4. Surface-Engineered Graphene Quantum Dots for Shape Control of Block Copolymer Particles

    NASA Astrophysics Data System (ADS)

    Yang, Hyunseung; Ku, Kang Hee; Shin, Jae Man; Lee, Junhyuk; Park, Chan Ho; Cho, Han-Hee; Jang, Se Gyu; Kim, Bumjoon; KIST Collaboration

    Surface-engineered, 10 nm-sized graphene quantum dots (GQDs) are shown to be efficient surfactants for producing poly(styrene-b-4-vinylpyridine) (PS-b-P4VP) particles that feature tunable shapes and internal morphologies. The surface properties of GQDs were modified by grafting different alkyl ligands, such as hexylamine and oleylamine, to generate the surfactant behavior of the GQDs. In stark contrast to the behavior of the unmodified GQDs, hexylamine-grafted GQDs and oleylamine-grafted GQD surfactants were selectively positioned on the PS and P4VP domains, respectively, at the surface of the particles. This positioning effectively tuned the interfacial interaction between two different PS/P4VP domains of the particles and the surrounding water during emulsification and induced a dramatic morphological transition to an unconventional convex lens-shaped particles. Precise and systematic control of interfacial activity of GQD surfactants was also demonstrated by varying the density of the alkyl ligands on the GQDs. The excellent surface tunability of 10 nm-sized GQDs combined with their significant optical and electrical properties highlight their importance as surfactants for producing colloidal particles with novel functions.

  5. Effects of Graphene Quantum Dots on the Self-Renewal and Differentiation of Mesenchymal Stem Cells.

    PubMed

    Qiu, Jichuan; Li, Deshuai; Mou, Xiaoning; Li, Jianhua; Guo, Weibo; Wang, Shu; Yu, Xin; Ma, Baojin; Zhang, Shan; Tang, Wei; Sang, Yuanhua; Gil, Pilar Rivera; Liu, Hong

    2016-03-01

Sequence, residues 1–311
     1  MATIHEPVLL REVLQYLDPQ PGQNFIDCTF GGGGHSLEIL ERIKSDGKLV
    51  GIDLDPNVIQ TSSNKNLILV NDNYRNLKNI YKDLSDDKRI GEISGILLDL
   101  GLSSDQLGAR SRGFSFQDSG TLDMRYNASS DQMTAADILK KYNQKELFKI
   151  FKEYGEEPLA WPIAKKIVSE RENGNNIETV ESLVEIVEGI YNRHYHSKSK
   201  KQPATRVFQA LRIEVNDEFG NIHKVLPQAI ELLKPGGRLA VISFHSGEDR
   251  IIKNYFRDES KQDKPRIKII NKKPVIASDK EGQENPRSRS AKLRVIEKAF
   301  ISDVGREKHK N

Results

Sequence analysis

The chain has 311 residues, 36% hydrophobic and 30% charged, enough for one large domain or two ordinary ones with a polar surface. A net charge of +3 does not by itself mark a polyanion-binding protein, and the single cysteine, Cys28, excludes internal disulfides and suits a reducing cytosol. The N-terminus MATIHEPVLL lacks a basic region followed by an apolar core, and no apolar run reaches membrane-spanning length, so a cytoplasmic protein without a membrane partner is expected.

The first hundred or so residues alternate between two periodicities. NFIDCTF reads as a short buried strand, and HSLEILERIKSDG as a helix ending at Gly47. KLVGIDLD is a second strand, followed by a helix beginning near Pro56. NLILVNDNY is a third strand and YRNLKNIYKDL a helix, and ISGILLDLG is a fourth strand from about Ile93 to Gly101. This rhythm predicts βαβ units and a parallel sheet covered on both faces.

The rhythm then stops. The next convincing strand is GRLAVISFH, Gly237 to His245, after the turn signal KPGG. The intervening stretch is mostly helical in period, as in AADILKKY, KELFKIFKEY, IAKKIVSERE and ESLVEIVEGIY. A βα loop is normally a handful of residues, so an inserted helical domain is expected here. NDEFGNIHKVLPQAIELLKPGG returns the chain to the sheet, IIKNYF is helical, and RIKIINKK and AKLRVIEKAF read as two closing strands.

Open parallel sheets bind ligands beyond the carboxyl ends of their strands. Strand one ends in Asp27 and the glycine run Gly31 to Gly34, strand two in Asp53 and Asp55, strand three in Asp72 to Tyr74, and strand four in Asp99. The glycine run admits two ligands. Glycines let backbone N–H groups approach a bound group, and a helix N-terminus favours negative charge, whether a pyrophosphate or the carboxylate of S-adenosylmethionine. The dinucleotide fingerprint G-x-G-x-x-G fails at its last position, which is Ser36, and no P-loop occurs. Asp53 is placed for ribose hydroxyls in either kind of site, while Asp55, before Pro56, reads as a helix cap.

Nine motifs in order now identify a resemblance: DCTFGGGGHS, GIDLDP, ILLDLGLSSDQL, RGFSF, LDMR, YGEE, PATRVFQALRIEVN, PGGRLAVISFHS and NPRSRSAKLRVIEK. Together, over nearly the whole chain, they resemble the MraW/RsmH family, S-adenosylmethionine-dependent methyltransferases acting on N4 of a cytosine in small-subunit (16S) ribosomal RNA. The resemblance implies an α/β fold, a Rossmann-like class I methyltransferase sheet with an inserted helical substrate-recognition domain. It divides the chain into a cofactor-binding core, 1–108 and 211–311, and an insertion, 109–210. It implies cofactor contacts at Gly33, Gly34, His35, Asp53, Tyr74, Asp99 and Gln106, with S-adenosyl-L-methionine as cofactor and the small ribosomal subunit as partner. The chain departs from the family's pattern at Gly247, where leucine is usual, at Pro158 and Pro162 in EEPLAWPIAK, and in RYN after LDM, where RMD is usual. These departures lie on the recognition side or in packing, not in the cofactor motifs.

The influence of graphene quantum dots (GQDs) on key characteristics of bone marrow derived mesenchymal stem cells (MSCs) phenotype (i.e., self-renewal, differentiation potential, and pluripotency) is systematically investigated in this work. First, the viability and impact of GQDs on the self-renewal potential of MSCs is evaluated in order to determine a threshold for the exposing dose. Second, GQDs uptake by MSCs is confirmed due to the excellent fluorescent properties of the particles. They exhibit a homogenous cytoplasmatic distribution that increases with the time and concentration. Third, the impact of GQDs on the osteogenic differentiation of MSCs is deeply characterized. An enhanced activity of alkaline phosphatase promoted by GQDs indicates early activation of osteogenesis. This is also confirmed upon GQD-induced up-regulation of phenotypically related osteogenic genes (Runx2, osteopontin, and osteocalcin) and specific biomarkers expression (osteopontin and osteocalcin). GQDs also effectively enhance the formation of calcium-rich deposits characteristics of osteoblasts. Furthermore, genes microarray results indicate that the enhanced osteogenic differentiation of MSCs by GQDs is in progress through a bone morphogenetic protein and transforming growth factor-β relative signaling pathways. Finally, intracytoplasmatic lipid detection shows that GQDs can also promote the adipogenic differentiation of MSCs, thus confirming the prevalence of their pluripotency potential. PMID:26833812